U.S. Still #1 "Most Attractive" for Renewable Energy, But China is Catching Up


Image: Ernst & Young
But China is #1 in Wind Power Index
In its report titled Renewable energy country attractiveness indices, the firm Ernst & Young tries to measure how "attractive" various countries are to renewable energy development. The biggest news in this new edition of the report no doubt is that China has moved up to #2 on the overall index, bumping Germany to the #3 spot. The only thing that keeps the U.S. ahead of China is that it is slightly stronger when it comes to solar (PV, but especially CSP), biomass, and geothermal. China beats the US when it comes to wind power (which is the most important category in the weighted index) and even in infrastructure (though only be 3 points).
Image: Ernst & Young

Here are a few highlights from the report on China's "attractiveness" to renewable energy:

The Chinese government has decided to drop a requirement that most of the components for wind power equipment be made locally. China currently requires that all wind projects use turbines with more than 70% of their components made in China, according to a regulation set by the National Development and Reform Commission in 2007.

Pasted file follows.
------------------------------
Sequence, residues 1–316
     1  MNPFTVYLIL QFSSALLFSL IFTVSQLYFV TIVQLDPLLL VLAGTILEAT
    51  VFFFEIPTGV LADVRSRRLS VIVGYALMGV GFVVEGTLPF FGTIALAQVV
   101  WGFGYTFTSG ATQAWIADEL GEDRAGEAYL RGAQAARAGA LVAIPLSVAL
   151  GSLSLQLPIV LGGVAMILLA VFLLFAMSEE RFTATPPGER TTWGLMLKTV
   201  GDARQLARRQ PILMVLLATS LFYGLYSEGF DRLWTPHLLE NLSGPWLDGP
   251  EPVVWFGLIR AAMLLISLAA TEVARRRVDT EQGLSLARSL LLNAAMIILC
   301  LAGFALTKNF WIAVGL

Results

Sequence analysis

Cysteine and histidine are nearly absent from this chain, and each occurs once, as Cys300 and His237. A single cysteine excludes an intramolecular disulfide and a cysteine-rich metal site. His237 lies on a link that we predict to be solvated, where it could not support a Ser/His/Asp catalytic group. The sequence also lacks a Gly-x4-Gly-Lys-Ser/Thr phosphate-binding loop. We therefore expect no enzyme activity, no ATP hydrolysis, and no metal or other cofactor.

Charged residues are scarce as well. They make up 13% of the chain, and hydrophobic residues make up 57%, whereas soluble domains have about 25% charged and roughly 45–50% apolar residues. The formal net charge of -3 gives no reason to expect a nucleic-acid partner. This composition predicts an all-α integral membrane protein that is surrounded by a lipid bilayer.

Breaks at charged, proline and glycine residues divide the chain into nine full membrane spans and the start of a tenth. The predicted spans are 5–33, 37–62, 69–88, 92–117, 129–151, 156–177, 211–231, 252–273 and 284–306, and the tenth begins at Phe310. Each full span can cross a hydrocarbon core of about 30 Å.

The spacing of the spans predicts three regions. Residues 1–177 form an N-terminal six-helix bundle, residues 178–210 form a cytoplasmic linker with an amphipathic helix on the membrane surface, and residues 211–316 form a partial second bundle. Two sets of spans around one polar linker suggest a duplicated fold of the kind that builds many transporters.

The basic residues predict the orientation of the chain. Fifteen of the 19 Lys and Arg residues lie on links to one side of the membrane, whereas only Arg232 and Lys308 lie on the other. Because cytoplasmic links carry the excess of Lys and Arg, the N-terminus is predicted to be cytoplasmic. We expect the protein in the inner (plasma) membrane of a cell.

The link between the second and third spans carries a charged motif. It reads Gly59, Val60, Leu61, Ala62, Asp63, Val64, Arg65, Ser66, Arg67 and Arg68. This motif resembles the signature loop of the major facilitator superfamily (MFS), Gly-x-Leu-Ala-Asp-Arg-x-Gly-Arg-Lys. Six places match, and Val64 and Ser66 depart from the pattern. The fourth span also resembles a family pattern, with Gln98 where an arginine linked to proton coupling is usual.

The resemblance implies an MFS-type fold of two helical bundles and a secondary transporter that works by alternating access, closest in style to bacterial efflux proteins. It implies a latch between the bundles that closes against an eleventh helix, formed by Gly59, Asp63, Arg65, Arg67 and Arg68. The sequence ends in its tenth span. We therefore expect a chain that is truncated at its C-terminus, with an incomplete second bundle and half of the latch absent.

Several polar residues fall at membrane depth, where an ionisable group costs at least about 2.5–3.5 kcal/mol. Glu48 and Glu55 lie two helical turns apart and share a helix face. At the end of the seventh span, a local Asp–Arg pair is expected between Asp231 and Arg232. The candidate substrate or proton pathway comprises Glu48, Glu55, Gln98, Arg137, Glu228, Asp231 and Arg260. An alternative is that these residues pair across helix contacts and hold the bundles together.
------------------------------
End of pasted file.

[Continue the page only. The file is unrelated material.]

China plans to amend the country's renewable energy law to set a minimum quota of electricity produced by RES that state-owned grid companies must buy, in a effort to encourage them to buy more electricity from wind, solar and biomass projects.

About the US:

The passing of the US's ambitious climate change bill, which would commit the US to cutting greenhouse gas emissions by 20% by 2020, received push-back due to a major push by the Democratic leadership to pass a health reform bill during its fall reconvening. Latest indications are that the Senate is unlikely to pass the climate bill until spring next year.

In a major boost for renewable energy, Washington has announced up to US$30b (€20.4b) in loan guarantees for renewable energy projects. The government-guaranteed loans just announced are to aid companies in solar, wind, biofuels and other renewable energy projects secure private financing.

About Germany:

Prices for solar PV panels have decreased 30% to 40% worldwide since summer 2008. The worst-affected are the high quality, upscale German photovoltaic supply chain companies, now suffering from overcapacity in a market where installation capacities are shrinking. [...]

German solar PV market also faces legislative challenges in comparison with other RE sources. For instance, German trade tax legislations provide that 70% of the income generated by wind farms is taxable (7% to 17% tax rate) by the municipality where the wind turbines are located. The remaining 30% is taxed by the municipality where the operating company has its business headquarters. For solar energy plants, no such provision exists. Instead, income of PV plants is 100% taxable by the municipality where the company has its business seat.

I was a bit surprised to see that Japan only ranks #21 on the list. I expected them to be a bit more friendly to renewables... Good to see Canada in the top 10, though. Now if only they could do something about the tar sands.

For more, see the report here: Ernst & Young (pdf)

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Tags: Alternative Energy | China | Energy

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